May 3, 2022

CELEBRATING SPRING AT THE BELTANE FIRE FESTIVAL

This past Saturday, I found myself surrounded by fire, drumming, and hundreds of people joined together to celebrate the height of Spring and promise of returning Summer.  Beltane (Gaelic for ‘bright fire’) is an ancient Iron Age Celtic festival, symbolising the change in seasons and emergence from a dark, cold winter. A celebration of the light and growth to come,  the Celtic people honoured this time by displaying greenery, baking special bannocks, and most importantly, lighting the Beltane fire. Fire was seen as a purifier, and provided the opportunity to cleanse and renew both humans and animals that had spent the long winter indoors. During the celebrations, fire was often walked, danced, and jumped around by members of the community. Farmers would have also driven their cattle between bonfires to cleanse and protect them before being put out into the fields. 

In modern times, fire remains a central element in these celebrations. Edinburgh’s Beltane Fire Festival is a modern take on this ancient holiday, and is celebrated by incorporating the Scottish traditions of street theatre, music and pageantry. It’s definitely a unique experience, and something you won’t want to miss if you’re visiting Edinburgh around May 1st!  

Curious to know more about this ancient tradition? Keep scrolling! 

What to Expect

These days, Europe’s largest Beltane celebration takes place in the heart of Edinburgh.  As MacKenzie and I made our way up Calton Hill, we were greeted by fiery torches, iron sculptures, and people in all different versions (and stages) of dress, waiting with anticipation for the festivities to start.  The procession, which started at 21:30 sharp, starts at the National  Monument, and proceeds counter-clockwise around the path, stopping at various spots and meeting with different groups along the way.  Carried by the beating of drums, the procession is led by the May Queen and Green Man, symbols for purity and life, respectively. The May Queen and Green Man make their way around the hill  on a counter-clockwise path, and are met by an array of characters who help or hinder their progress along the way. Boundaries are blurred between spectator and performer, as characters painted red and blue make their way along the path, stopping to interact with guest and other characters as they move along. Near midnight, after a dramatic performance involving music, dancing, and acrobatics, the May Queen and Green Man spark the beginning of summer by lighting a massive bonfire.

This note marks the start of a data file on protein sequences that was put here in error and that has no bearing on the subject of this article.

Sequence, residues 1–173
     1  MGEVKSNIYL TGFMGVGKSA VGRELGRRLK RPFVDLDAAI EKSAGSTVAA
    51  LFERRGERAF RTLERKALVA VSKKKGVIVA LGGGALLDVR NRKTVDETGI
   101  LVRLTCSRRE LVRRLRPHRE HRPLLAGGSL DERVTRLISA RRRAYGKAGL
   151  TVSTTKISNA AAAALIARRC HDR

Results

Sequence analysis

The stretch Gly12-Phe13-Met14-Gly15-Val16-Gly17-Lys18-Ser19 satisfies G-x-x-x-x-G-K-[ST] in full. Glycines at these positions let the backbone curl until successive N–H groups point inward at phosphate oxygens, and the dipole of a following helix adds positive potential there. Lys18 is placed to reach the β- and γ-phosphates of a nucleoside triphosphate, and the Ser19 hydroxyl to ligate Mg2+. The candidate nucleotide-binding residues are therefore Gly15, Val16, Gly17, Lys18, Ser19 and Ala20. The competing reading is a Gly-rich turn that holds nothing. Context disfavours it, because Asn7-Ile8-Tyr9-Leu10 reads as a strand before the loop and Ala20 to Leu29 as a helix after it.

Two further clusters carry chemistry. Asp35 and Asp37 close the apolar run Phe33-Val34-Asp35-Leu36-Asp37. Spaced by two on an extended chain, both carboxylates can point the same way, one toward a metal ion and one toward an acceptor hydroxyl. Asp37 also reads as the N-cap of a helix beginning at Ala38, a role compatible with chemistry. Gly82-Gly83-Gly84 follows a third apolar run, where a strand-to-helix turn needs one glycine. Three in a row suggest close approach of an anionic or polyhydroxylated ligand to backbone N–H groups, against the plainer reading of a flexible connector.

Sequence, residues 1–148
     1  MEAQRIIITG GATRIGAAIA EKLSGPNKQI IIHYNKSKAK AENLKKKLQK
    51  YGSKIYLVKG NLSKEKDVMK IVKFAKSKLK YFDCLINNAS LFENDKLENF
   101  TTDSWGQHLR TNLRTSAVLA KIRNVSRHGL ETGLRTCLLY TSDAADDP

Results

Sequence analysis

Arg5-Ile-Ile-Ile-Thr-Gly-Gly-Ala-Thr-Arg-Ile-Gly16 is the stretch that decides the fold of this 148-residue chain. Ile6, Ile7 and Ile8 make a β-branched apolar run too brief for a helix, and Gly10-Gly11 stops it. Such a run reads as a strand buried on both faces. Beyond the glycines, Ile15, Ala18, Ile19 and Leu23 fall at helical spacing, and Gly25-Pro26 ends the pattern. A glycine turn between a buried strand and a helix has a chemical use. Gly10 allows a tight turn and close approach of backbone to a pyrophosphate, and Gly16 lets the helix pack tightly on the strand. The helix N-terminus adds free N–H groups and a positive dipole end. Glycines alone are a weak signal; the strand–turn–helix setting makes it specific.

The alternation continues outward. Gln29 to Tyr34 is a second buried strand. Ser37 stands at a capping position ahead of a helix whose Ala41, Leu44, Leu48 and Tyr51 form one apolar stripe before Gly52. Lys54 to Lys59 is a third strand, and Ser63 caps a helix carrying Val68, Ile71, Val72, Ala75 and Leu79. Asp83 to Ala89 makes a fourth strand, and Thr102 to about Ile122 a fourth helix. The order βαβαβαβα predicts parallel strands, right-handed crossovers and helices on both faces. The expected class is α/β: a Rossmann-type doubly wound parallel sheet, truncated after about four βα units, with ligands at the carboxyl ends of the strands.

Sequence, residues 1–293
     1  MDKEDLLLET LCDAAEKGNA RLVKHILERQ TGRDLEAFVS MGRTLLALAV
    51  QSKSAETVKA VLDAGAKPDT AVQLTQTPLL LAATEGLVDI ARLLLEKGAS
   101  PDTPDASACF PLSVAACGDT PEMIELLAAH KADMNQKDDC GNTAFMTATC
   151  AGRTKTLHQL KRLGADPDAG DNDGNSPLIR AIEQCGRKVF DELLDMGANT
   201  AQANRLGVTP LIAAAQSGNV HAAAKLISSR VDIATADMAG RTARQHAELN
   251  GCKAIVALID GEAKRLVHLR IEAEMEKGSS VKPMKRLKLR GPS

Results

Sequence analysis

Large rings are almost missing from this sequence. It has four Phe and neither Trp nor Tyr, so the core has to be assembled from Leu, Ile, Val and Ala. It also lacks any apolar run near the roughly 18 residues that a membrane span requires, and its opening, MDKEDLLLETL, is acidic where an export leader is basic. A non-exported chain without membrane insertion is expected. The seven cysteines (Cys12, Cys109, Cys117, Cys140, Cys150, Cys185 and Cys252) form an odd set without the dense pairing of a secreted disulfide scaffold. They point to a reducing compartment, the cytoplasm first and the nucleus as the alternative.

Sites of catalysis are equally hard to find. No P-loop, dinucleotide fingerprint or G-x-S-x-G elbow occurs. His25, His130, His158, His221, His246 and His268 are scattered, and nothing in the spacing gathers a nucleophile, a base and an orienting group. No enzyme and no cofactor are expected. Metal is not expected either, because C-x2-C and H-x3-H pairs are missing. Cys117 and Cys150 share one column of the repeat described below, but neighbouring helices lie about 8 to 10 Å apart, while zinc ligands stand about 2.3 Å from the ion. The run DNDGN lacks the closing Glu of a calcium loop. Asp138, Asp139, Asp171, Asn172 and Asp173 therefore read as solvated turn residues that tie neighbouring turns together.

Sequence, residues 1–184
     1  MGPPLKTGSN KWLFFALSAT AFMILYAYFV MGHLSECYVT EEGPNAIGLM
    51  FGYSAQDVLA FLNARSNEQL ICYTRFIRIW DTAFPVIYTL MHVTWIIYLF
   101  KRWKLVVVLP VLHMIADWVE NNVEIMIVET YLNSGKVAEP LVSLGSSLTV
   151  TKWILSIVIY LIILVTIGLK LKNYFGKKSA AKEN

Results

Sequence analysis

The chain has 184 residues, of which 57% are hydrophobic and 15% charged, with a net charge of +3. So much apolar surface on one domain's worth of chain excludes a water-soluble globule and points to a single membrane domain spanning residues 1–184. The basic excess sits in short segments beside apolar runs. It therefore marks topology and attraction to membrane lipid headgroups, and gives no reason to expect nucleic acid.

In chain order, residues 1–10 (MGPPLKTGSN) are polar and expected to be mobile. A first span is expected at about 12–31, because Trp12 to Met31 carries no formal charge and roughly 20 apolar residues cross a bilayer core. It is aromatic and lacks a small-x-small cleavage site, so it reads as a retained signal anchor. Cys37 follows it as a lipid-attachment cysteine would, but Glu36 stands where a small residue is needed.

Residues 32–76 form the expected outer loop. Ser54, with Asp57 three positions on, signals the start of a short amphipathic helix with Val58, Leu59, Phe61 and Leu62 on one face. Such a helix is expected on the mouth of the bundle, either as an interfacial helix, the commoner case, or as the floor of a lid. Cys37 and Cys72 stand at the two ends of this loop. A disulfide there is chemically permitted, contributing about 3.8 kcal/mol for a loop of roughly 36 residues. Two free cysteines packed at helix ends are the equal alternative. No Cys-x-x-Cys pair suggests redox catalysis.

[Picture: Jane Barlow, Edinburgh Evening News]

Attending the festival

Edinburgh’s Beltane Fire Festival takes place on the eve of May 1st on the top of Calton Hill. As the event has grown larger in the last few years, tickets are required for entry. Gates open at 19:30, and the event lasts until about 1 in the morning. Make sure to visit the official Beltane site to learn more about the history, tickets, maps, and more. 

Things to note

 

Come with and open mind. If this is your first time celebrating/observing an ancient tradition like Beltane, come with curiosity and a willingness to learn! It might also be helpful to do some additional research so that you can understand the symbolism and storyline the celebration follows.

Beware of fire. This is a fire festival, which means there will be a lot of fire! While safety measures are in place, you can never be too careful. Don’t get too close, and be sure to wear natural fabrics.

Nudity! Just a heads up that there may be some nudity involved in the performances (personally, I don’t know how they can stand it – it’s cold!

Anticipate the movement of the group. It’s worth reading the map ahead of time to see where the procession will move. We got to the first location, the fire arch, while the main event was starting, and were close enough to see all the action. There will be hundreds in attendance, so it’s worth getting to one or two of the spots a little early if you want a closer look.

Don’t just follow the procession. On the other hand, if you can’t get to the front of the procession, fear not! There are many side events happening that tend to have a smaller crowd. It’s dark, so just look around for some fire to tell you where another group is performing. 

Have you been to a festival like this? Are you doing anything to celebrate Spring? I’ve personally been focusing on my house plants (so many new leaves!) and cleaning out my wardrobe.

Talk soon,

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One comment on “CELEBRATING SPRING AT THE BELTANE FIRE FESTIVAL

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    Sounds so interesting! Thanks for sharing!

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